This week, contributor Anthony Boutard of Ayers Creek Farm gives us an essay that turns on a historic canal, a chance meeting and an ugly root, Armoracia rusticana, or, as it is more commonly known, horseradish. One note: If you've never had freshly grated horseradish root, it has a much milder, earthy bite than the stuff you'll find on your grocer's shelf.
I've got a mule and her name is Sal,
Fifteen miles on the Erie Canal,
She's a good ol' worker and a good ol' pal.
Fifteen miles on the Erie Canal,
We've hauled some barges in our day,
Filled with lumber, coal and hay,
And we know ev'ry inch of the way,
From Albany to Buffalo.
In 1825, the Erie Canal opened, allowing the shipment of agricultural goods from Buffalo to Albany, and then down the Hudson to markets and ports of New York City. It was a stunning and audacious achievement for a young nation. This 363-mile self-contained and mostly artificial body of water had 36 locks that accommodated the 550-foot elevation difference between the two cities. Elegant aqueducts carried the canal, about 40 feet wide and a scant four feet deep, over rivers and ravines. Moving produce and freight by canal barge is slow but highly efficient, roughly twice as efficient as rail. Stretches of the original canal are still used to move freight.
The horseradish plant.
The opening of the canal had a huge impact on the hill towns of New England. Marginal farms were abandoned, their soils having been depleted after a century of use, and the farmers moved to the fertile soils of Western New York and Ohio. There was a shortage of timber in southern New England, so the houses and barns were disassembled and the wood used elsewhere. The first house the two of us owned was in New Haven, Connecticut. Built around 1830, most of the framing and planks were recycled from abandoned barns. Anomalous paint, dimensions, nail holes and notches betrayed their earlier use in a barn.
One of these abandoned farms was located on a hilltop in West Stockbridge, Massachusetts. All that remained of the homestead was a brick chimney and a caved-in stone foundation. The big locust trees still shaded these remnants. Unlike many of the abandoned farms, the meadow was used as summer pasture by a nearby farm, so the old fields remained open. Underneath the locusts, a horseradish patch still flourished about 150 years after its cultivators moved westward. Every autumn, after the tops died off, we dug a dozen or so roots. Gardening and cooking authors reflexively describe horseradish as an "invasive plant." Robust, expansive and persistent, certainly, but it it is not invasive. The horseradish roots we gathered in the autumn were from a root planted two centuries earlier, a life longer than Ghengis Khan or Alexander, and they yet remained just a small patch.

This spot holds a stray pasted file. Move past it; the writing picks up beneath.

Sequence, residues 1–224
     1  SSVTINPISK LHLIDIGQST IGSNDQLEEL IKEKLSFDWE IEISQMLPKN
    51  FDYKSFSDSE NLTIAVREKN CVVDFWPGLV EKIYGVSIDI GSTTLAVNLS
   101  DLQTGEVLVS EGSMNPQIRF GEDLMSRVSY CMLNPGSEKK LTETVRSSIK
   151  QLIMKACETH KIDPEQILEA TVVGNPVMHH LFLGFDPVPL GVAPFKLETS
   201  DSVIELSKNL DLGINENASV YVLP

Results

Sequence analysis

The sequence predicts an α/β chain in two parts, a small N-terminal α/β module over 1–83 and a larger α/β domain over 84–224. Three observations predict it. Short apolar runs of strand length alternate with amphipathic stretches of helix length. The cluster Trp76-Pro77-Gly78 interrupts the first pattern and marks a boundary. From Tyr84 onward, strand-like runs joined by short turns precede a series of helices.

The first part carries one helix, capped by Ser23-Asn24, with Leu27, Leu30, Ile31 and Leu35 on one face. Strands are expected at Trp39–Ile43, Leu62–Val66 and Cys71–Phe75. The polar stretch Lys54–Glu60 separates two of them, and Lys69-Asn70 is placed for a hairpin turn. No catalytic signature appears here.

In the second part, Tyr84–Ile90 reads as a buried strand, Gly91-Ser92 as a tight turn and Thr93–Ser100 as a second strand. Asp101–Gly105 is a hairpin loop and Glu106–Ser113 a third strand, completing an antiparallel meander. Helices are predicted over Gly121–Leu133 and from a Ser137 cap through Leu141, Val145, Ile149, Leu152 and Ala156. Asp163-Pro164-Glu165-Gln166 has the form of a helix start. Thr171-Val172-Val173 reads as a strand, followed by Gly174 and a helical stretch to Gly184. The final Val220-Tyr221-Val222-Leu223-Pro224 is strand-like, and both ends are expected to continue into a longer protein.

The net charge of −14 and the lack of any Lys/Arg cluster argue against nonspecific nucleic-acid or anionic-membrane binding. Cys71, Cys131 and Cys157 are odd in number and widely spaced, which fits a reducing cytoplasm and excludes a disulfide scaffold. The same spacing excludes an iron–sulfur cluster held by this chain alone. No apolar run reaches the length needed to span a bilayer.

A bit south of the horseradish plant, Ambrose Hunt was born in Hillsdale, New York, in 1803. He moved westward shortly after the canal was finished, settling in the Finger Lakes region. Old habits die hard, so he found another farm on a hill. Our daughter farms that land on Italy Hill in Branchport, New York with her husband, Jonathan Hunt. After an unsuccessful inquiry, the Hunts assumed the house in Hillsdale fell to the same fate as other abandoned homesteads. One day, Anthony's brother, a landscaper, brought a bottle of the Hunt's wine to a client of his in Hillsdale. Seeing the label, she exclaimed, "that's interesting, my house was once owned by a family called Hunt." In vino verum.
Horseradish is a wolfish, cussed root and as unyielding at harvest as the most stubborn canal mule. Few farms bother with it, especially in the heavy soils of the Willamette Valley. It grows on our farm because it reminds us of the beautiful pasture on Maple Hill, the Erie Canal and winter meals livened up with its evanescent bite. Horseradish is the Bohemian parmesan. Grated or shaved into soups or salads, on meat or fish, or on top of mashed potatoes, it brightens the winter table. One of the great wonders to us is why restaurants don't have a horseradish steward on the staff. "Would you like a bit of freshly grated horseradish on your vichyssoise?" A lot more stylish than the affected fetish with an oversized pepper grinder.
Don't let your opinion of horseradish be shaped by the prepared root in a jar. The vinegar and mustard oil in the processed condiment linger on the palate. The mustard oil is used the boost the heat of the horseradish, but the oil destroys that fleeting and refined pungency you find in the freshly grated version.